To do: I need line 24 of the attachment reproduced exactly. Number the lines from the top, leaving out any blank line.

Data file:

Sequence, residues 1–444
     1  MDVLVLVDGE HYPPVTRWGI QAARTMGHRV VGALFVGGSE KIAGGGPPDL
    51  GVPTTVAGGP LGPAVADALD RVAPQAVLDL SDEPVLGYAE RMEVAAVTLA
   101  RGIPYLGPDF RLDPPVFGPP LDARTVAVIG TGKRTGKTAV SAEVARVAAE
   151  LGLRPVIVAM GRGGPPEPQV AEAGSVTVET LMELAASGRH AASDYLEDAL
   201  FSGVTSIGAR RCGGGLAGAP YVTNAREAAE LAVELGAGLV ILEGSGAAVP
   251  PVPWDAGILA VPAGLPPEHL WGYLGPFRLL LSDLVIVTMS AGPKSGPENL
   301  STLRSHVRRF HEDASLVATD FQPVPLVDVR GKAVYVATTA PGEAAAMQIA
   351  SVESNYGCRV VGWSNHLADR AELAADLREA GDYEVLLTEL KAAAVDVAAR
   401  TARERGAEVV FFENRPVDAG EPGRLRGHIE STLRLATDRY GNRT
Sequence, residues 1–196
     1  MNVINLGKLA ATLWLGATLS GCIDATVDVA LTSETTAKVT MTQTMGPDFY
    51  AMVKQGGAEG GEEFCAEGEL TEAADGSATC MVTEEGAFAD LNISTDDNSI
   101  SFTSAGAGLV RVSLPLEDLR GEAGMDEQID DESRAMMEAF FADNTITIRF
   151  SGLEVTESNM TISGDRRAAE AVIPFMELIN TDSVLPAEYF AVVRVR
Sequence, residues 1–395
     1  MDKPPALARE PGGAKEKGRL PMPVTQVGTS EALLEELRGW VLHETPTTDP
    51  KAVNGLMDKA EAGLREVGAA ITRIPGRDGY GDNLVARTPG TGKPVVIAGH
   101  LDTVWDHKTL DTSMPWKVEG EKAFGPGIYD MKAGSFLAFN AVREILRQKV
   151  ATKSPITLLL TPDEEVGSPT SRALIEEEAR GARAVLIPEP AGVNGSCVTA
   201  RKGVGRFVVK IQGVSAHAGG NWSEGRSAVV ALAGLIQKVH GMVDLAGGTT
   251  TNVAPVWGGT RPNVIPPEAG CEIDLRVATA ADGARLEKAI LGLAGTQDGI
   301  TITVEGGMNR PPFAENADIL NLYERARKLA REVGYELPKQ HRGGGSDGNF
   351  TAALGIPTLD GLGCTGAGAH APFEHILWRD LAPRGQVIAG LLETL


   351  TAALGIPTLD GLGCTGAGAH APFEHILWRD LAPRGQVIAG LLETL